The Festival (2018): ‘UK music festivals get a film…’ – A Film Review



The Inbetweeners saw creators Iain Morris and Damon Beesley gain some international acclaim for their depictions of British life, especially for teenagers. Their brand of comedy being both accurate and coarse. Using elements of awkward and gross out humour with the weight of a lot of banter. The situational comedy was there as a bit of a secondary humour but, primarily, the characters were both awkward and dirty. This series was successful enough to spawn two films, the first being rather fresh and more complete given that it ran the risk of being just a long episode. The Festival has all the opportunities of the same British comedy that The Inbetweeners Movie brought us. Music festivals being at the height in England as more and more festivals appear all the time and long standing festivals growing ever bigger. It’s actually surprising that a British film on music festivals hasn’t really been explored before.


Central Performance & Comedy

Returning from The Inbetweeners we have Joe Thomas and oddly he’s taking more of an awkward and unsympathetic role (more similar to Will (Simon Bird) in the series). This gives the film a rather awkward centre as the flawed hero just doesn’t pull it off to be someone to still root for as well. Culminating in the awkward humour that is dragged out and far too real to be awkward in comedy but just awkward in delivering the performance and the scene in general. This awkwardness seems to carry out to the rest of the film as situations and characters are briefly given moments, leaving the narrative to dart around, unsure what to do and what to hold on. That being said the overall story is a rehash of so many other comedies of similar stories – think Kevin & Perry Go Largethat it just feels stale.


The Filmed Experience

The montage sequences give the film a reasonable look at festivals but unfortunately miss out so much. A comedy about a music festival has so much potential that just is left out or never given its day. Having said that there are brief lines of dialogue that do get a laugh – somehow through the thick of it. Some side-line characters give some endearing, funny or sometimes intentionally annoying moments. The film also features many comedy cameos that run a very thin line from helping the film to being forced.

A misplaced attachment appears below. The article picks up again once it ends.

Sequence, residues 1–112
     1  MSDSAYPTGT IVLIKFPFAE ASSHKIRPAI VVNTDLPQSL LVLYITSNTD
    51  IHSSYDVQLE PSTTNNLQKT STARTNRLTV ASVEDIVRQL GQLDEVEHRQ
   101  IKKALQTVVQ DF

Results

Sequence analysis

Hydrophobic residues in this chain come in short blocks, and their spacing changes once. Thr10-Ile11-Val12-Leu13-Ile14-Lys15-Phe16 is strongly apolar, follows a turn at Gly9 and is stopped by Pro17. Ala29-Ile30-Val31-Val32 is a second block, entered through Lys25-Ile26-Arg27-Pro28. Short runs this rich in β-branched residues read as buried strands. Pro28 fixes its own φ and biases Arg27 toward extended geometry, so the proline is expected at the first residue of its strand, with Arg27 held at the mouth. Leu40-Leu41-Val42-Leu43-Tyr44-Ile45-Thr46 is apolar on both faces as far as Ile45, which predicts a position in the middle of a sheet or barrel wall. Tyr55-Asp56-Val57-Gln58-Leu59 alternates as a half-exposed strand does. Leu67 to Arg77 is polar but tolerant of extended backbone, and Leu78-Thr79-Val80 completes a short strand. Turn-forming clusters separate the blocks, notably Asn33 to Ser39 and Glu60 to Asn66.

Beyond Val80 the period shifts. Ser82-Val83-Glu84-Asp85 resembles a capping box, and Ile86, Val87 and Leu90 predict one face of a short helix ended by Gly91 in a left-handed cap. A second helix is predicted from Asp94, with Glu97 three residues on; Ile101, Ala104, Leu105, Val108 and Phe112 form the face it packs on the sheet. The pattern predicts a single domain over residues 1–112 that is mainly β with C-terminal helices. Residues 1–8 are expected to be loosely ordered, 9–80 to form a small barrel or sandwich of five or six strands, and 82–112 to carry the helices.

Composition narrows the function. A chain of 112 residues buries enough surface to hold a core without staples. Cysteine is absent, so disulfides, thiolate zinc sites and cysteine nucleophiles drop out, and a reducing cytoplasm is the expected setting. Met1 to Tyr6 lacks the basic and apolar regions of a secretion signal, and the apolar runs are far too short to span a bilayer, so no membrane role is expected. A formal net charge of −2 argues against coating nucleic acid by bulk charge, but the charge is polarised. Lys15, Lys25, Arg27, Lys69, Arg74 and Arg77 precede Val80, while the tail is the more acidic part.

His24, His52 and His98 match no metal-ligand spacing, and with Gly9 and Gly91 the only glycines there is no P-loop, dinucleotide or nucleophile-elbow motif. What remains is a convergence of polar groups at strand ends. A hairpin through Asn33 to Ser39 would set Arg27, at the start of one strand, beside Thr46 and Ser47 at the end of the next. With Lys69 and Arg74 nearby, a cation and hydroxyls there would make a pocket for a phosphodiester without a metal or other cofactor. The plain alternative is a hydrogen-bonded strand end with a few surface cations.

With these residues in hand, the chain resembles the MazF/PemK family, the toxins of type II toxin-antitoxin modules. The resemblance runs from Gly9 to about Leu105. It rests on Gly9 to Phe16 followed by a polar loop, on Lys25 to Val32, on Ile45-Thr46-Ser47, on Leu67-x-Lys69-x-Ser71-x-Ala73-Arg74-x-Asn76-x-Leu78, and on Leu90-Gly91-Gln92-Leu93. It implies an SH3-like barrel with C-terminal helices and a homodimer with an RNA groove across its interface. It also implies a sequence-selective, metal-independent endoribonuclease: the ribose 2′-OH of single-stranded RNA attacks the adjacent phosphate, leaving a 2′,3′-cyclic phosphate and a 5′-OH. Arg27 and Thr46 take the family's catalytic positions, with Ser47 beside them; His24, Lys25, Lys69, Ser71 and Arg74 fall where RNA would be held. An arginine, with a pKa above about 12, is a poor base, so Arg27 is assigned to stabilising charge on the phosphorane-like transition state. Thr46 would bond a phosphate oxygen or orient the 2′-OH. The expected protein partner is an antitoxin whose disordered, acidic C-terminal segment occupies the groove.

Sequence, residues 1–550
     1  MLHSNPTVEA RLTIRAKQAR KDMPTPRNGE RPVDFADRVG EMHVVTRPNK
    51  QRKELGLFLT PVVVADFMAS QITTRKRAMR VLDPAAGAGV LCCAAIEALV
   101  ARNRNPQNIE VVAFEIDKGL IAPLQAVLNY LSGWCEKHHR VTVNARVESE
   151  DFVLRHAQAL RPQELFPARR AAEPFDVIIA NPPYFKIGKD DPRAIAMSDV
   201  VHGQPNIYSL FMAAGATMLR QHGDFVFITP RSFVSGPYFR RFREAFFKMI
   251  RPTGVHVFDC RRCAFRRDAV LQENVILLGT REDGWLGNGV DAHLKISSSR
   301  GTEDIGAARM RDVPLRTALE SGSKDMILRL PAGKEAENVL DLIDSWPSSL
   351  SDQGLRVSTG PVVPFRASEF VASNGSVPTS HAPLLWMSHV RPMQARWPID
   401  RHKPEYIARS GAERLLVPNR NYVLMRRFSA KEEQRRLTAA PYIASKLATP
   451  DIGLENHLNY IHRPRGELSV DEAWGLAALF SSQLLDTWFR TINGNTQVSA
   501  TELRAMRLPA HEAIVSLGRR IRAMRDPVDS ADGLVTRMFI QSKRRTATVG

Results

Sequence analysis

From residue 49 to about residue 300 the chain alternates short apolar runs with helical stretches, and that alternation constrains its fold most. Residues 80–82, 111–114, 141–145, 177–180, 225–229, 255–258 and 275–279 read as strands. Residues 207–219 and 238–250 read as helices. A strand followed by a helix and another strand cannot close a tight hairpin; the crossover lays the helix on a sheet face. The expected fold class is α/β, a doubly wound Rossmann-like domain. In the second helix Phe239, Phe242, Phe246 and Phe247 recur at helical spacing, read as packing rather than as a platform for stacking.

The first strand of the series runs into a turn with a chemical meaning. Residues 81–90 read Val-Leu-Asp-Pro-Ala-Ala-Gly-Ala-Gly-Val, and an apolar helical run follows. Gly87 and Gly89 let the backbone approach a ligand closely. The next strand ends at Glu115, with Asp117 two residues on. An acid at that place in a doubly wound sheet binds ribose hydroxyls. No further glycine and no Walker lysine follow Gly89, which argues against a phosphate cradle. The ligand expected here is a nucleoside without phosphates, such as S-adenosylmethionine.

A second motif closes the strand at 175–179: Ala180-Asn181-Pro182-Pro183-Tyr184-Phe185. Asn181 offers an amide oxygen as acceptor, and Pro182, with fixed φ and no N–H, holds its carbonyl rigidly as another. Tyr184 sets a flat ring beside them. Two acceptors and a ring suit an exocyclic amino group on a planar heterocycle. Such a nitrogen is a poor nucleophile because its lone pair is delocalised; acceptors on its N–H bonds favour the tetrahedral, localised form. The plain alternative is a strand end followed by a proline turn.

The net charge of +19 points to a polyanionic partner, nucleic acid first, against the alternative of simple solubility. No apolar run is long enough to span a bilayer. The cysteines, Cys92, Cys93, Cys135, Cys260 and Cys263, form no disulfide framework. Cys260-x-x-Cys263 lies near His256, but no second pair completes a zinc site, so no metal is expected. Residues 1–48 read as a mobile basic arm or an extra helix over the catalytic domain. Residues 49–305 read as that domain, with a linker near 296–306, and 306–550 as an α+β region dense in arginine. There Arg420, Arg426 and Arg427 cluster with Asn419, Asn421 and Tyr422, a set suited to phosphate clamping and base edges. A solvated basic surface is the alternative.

It is really a shame because a film like The Festival has the talent and the fresh concept to be something. Something either endearingly real or unbelievably comic but it just misrepresents everything and falls flat. Becoming a film that you want to like but find it hard to defend at all. Maybe everyone involved will learn from this and go on to do better things but… here? we’re treated to a right misfire.



Before Nick (Joe Thomas)’s girlfriend dumps him, he buys with her friend some festival tickets. His friend Shane (Hammed Animashaun) convinces him to go despite his ex being there, determined for them to have a good time and to bring him out of his depression.




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A Note on My Reviews

Please read ‘On Reviews‘ for a guide to how I write film reviews. Any spoilers are appropriately marked and, though I personally prefer to know little about a film before seeing it, there is a synopsis below the review for any who wish to see one.


Films Mentioned

The Festival (d. Iain Morris UK 2018)

The Inbetweeners Movie (d. Ben Palmer UK 2009)

Kevin & Perry Go Large (d. Ed Bye UK 2000)


Further Reading

Official Site

Interview with Iain Morris & Joe Thomas

Interview Premiere Interviews

Interview with Hammed Animashaun

Festival Tips


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This was an analytical review of….


The Festival (d. Iain Morris UK 2018)


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